PRESIDENT Robert Mugabe is under pressure to act decisively to end the ugly infighting that has erupted in ZANU-PF to the detriment of economic targets set by the ruling party under the moribund Zimbabwe Agenda for Sustainable Socio-Economic Transformation.
The Financial Gazette can reveal that there has been heavy lobbying in the last two weeks by the two rival camps in ZANU-PF that are both desperate to bring the veteran nationalist on their side.
ZANU-PF insiders said President Mugabe has had enough of it and might, in the coming week, ring changes in his party to end the madness.
In the wake of the disruptive divisions rocking his party, the ZANU-PF leader is seen downgrading some of his high-ranking officials in order to tame their ambitions.
At the 2014 congress, the President was vested with appointing powers that gives him latitude to make sweeping changes to his party’s leadership if and when he so wishes.
ZANU-PF has always been split between two factions aiming to succeed President Mugabe whenever he exits office. This has been the case since the 1990s.
Until December 2014, the party was divided between cadres backing Joice Mujuru and those in support of Emmerson Mnangagwa. And when Mujuru was dismissed from ZANU-PF for attempting to unseat her boss, many thought the path had been cleared for Mnangagwa to take-over from the incumbent, but that path is now fraught with impediments.
Mnangagwa is now engaged in a vicious dogfight with a new group dubbed Generation 40 (G40), which is strongly opposed to his ascendance.
With President Mugabe now in the twilight of his political career, the infighting is now compromising the smooth functioning of government.
ZANU-PF insiders said President Mugabe can no longer afford his softly-softly approach towards the wrangles considering the cost it could have on his party’s re-election bid.
Even more worrying to the incumbent is the possibility of a coalition among the country’s opposition parties, which requires ZANU-PF to go to the polls more united than ever before.
This week, Tendai Biti’s People’s Democratic Party (PDP) raised the stakes by suggesting that the solution to the crisis, arising out of what is taking place in the governing party, lies in the “establishment of the National Transitional Authority (NTA)”.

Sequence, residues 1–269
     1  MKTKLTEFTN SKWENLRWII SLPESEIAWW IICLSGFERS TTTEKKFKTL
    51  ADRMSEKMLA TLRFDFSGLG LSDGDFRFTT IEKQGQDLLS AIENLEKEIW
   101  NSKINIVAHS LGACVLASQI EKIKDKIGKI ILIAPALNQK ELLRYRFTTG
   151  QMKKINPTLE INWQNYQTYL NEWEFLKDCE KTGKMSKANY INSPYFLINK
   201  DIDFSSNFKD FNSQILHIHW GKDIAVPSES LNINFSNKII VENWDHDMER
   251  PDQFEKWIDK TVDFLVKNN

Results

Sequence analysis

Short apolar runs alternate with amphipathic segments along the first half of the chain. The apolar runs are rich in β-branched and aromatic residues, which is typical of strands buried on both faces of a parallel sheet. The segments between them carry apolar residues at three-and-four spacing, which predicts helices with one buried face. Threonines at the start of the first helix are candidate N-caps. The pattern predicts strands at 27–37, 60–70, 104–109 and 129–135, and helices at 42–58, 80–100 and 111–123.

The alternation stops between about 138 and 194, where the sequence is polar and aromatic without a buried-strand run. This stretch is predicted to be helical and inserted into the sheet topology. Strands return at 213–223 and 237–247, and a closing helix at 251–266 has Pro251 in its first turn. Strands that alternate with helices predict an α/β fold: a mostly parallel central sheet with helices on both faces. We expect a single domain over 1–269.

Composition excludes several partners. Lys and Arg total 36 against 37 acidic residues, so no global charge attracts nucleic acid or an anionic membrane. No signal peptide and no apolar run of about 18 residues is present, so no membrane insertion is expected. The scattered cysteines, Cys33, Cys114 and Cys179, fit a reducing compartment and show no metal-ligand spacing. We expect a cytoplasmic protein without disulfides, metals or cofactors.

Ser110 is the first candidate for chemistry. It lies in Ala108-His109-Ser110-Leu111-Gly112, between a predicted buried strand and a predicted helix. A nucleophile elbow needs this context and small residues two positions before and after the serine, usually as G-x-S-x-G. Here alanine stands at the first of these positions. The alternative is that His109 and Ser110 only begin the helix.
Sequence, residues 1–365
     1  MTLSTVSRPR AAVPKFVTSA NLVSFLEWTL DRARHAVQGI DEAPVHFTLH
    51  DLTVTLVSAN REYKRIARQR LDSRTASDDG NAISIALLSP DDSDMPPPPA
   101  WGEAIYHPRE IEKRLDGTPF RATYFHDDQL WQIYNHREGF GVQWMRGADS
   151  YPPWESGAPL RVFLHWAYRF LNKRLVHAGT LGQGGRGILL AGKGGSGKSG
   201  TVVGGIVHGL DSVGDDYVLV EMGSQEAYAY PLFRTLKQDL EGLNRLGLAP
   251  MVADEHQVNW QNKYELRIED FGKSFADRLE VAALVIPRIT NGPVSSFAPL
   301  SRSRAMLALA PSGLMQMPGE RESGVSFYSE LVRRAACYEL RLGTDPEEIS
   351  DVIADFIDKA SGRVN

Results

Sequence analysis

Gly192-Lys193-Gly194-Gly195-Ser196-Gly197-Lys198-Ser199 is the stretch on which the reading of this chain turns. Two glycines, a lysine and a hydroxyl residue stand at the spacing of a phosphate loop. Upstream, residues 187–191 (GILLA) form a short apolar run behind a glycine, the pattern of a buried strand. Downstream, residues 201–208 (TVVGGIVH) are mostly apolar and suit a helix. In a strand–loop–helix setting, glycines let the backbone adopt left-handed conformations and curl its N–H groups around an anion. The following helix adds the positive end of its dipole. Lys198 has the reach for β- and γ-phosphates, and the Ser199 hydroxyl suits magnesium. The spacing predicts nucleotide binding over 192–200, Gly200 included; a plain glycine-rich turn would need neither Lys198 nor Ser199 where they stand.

“The NTA would create a win-win situation for ordinary Zimbabweans, where stability and peace are reconciled with the imperators of social reconstruction, economic recovery and development,” said PDP national chairperson, Lucia Matibenga.
Political analysts this week said due to the complex nature of the current spate of factionalism in ZANU-PF, it was highly unlikely that President Mugabe will parachute Mnangagwa as he did Mujuru despite the fact that his own wife, Grace Mugabe, has pitched her tent in the anti Mnangagwa camp.
Political scientist, Ibbo Mandaza, said what is happening in ZANU-PF now is an open war, which required careful handling.
“It’s clear there is an implosion in the party. It’s an open warfare which we have repeatedly warned about before. (President) Mugabe needs to handle this one with utmost care. He might rein in the situation by leaving Mnangagwa for now, while hitting such soft targets as the Mutsvangwas.
“The principle is that if you go for soft targets, the consequences would be minimal than if you axe someone of Mnangagwa’s standing,” said Mandaza.
Christopher Mutsvangwa is the chairman of the Zimbabwe National Liberation War Veterans Association and a key ally of Mnangagwa.
He is currently in trouble for disrespecting the First Family; charges many feel could have been engineered by the rival G40.
Mandaza said the current problems in the ruling party were a direct result of the creation of the concept of one centre of power “which is meant to ensure that President Mugabe rules for life and leaves the succession question to remaining party leaders in the event that he dies in office”.
Party insiders this week said G40 has now descended on the grassroots where it seeks to get rid of Mnangagwa’s allies in the lower levels.
Principally targeted are cell, district and provincial leaders whom the camp wants pushed out of the party in the next few weeks, signalling yet another round of votes of no confidences and expulsions in the offing.
Saviour Kasukuwere, ZANU-PF’s national political commissar, said district chairpersons aligned to Mnangagwa, particularly those in Midlands, Mashonaland East and Masvingo provinces where Mnangagwa has dominance, would be purged.